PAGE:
Alex Dowsett's first Grand Tour, the Giro d'Italia, was a success. He not only finished, but won a stage and gained a new perspective on cycling.
The three-week raced ended in Brescia on Sunday with a 206-kilometre stage.
"I spoke to my dad ahead of the last stage. He asked what was going on. I said, 'I only have a flat 200-kilometre stage,'" Dowsett told Cycling Weekly. "The fact that I used 'only' and '200 kilometres' in the same sentence shows my new perspective on what's a big day and what isn't."
The 24-year-old transferred from Sky to Spain's Movistar team over the winter. He not only completed his first Grand Tour, but also beat his former team-mate and Olympic Champion, Bradley Wiggins in the the 54.8-kilometre time trial.
Dowsett explained the three-week Giro d'Italia was more than he had imagined.
"I had the white Jersey [of the best young rider] on the third day. Even though I wasn't strictly in it, I thought it doesn't get better than this. To get a stage win... I never even considered it," he continued.
"I have team Movistar to thanks for that. They had a lot of faith in me, more faith than I possibly had in myself. You don't expect to beat Wiggins, not in a time trial. I know he had a lot of problems, but still he's a phenomenal bike rider. The team trusted me and had a lot of faith in me for the TT. I'm glad I could I deliver for them as well."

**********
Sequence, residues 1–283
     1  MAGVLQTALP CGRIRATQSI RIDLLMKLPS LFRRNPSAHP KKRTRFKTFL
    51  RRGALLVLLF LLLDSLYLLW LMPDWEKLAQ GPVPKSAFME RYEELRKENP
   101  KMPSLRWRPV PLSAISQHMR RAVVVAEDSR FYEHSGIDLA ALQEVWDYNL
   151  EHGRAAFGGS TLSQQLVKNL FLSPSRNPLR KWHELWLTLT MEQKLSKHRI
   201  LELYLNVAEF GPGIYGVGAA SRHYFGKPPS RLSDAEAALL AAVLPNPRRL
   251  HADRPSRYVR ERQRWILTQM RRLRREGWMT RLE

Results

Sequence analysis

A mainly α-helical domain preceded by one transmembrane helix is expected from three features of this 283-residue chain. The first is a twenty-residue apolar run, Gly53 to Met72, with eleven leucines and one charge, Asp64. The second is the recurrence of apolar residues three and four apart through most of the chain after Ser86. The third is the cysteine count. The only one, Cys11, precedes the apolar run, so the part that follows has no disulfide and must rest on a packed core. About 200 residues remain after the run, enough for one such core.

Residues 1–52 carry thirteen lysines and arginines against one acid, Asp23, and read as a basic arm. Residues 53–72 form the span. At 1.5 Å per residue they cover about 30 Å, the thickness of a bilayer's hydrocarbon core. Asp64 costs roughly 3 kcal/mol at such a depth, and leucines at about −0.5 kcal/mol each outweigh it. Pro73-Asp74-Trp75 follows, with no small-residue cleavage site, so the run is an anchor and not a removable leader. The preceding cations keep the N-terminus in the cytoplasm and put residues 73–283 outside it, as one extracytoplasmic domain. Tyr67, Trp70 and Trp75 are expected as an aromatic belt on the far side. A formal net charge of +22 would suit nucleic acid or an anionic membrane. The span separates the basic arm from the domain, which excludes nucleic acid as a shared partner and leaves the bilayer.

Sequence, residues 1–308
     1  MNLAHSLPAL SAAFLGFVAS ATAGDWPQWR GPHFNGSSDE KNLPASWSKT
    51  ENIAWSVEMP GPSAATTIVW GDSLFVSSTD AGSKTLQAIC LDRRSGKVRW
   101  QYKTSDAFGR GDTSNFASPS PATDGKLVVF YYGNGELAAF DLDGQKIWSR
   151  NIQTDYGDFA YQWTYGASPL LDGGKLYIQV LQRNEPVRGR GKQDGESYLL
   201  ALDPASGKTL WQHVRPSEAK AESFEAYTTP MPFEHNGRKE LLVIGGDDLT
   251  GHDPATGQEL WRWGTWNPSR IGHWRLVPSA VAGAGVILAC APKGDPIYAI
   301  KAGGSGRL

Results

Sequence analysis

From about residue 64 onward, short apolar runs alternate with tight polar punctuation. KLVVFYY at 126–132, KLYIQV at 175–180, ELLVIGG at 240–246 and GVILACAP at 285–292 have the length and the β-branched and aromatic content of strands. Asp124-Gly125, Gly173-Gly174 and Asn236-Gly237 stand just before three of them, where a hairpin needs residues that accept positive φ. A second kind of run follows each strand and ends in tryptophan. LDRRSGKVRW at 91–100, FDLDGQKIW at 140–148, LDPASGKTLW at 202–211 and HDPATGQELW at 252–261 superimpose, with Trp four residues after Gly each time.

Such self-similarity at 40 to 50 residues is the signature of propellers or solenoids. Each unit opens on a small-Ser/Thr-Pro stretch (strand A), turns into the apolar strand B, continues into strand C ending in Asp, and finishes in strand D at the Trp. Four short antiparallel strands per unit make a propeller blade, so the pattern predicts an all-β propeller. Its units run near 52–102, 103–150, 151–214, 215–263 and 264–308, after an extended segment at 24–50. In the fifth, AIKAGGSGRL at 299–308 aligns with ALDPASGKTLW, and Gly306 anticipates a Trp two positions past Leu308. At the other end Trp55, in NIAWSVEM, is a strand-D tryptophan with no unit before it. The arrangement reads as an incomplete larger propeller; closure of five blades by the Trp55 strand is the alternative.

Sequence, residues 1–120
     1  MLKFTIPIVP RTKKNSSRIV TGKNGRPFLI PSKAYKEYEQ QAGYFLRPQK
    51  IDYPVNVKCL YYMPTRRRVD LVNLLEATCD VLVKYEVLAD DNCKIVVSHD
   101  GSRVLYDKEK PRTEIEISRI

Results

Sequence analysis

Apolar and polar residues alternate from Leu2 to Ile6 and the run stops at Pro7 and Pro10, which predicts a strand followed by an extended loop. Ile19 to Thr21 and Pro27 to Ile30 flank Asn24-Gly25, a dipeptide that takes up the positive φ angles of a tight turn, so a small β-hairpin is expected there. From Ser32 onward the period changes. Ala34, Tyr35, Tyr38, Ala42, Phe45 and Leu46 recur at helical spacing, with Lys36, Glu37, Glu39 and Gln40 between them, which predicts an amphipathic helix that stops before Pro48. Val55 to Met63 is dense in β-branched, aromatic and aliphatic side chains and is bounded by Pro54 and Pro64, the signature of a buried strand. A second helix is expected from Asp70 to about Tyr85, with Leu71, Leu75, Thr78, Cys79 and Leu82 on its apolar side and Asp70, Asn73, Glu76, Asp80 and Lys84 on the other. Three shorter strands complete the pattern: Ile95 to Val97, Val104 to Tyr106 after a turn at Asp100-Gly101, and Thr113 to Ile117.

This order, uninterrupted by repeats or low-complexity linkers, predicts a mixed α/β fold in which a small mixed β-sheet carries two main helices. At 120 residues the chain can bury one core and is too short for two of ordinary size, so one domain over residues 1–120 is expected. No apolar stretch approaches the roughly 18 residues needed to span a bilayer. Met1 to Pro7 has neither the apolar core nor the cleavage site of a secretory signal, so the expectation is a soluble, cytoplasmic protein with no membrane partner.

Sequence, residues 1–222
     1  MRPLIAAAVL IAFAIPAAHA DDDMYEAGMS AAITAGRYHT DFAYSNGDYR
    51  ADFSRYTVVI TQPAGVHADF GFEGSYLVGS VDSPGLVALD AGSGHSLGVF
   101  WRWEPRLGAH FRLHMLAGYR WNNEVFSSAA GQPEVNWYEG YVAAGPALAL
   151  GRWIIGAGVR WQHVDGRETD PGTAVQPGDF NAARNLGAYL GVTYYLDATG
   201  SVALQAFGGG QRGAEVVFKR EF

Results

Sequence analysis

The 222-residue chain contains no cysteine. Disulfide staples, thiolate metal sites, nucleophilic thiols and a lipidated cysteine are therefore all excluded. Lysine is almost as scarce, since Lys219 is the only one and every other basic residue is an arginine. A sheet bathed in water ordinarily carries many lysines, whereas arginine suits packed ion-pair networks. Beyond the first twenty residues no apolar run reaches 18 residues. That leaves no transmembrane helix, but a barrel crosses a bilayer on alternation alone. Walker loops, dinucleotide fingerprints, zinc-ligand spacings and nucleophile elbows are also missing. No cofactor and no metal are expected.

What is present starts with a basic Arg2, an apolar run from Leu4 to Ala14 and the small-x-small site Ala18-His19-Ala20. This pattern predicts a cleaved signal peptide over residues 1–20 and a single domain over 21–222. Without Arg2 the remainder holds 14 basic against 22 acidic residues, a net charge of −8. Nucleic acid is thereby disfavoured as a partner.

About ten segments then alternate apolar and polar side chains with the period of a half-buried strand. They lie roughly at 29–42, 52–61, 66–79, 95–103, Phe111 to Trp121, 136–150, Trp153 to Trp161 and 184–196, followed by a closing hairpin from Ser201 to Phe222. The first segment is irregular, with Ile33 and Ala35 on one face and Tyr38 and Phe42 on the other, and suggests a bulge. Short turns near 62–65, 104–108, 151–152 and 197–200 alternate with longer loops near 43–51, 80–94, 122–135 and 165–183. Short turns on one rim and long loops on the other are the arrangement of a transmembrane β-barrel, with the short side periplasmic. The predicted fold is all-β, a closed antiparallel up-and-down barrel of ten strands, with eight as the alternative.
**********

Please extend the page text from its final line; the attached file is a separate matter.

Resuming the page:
The Giro d'Italia unfolded in the worst weather in recent history. Snow forced the modification of two stages, and the complete cancellation of another.
Dowsett arrived at 2300 metres on Tre Cime di Lavaredo looking like a zombie. He and the peloton suffered up the climb in snowfall and temperatures of -1°C.
He brushed off the experience as he had the snow on his shoulders and helmet.
"I'm English," he said, "So it's a lot less worse for me."
Dowsett admitted that he needs to work on his climbing. It may come with experience. In his Spanish team, he was the only Grand Tour debutant. His team-mate Beñat Intxausti, for example, has ridden multiple editions of the Giro, Tour de France and Vuelta a España.
"There's work to be done. The figures Wiggins punches out and the figures I punch out... My time up the last climb in that time trial shows there are some big weaknesses there as well. I just need to take something out of it and come back with better climbing legs next time."
He has gained faith in himself, however.
"I can now safely say I want to go to races like the Eneco Tour, and try to win them," Dowsett added. "I know the team will give me faith and support."
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Gregor Brown is an experienced cycling journalist, based in Florence, Italy. He has covered races all over the world for over a decade - following the Giro, Tour de France, and every major race since 2006. His love of cycling began with freestyle and BMX, before the 1998 Tour de France led him to a deep appreciation of the road racing season.
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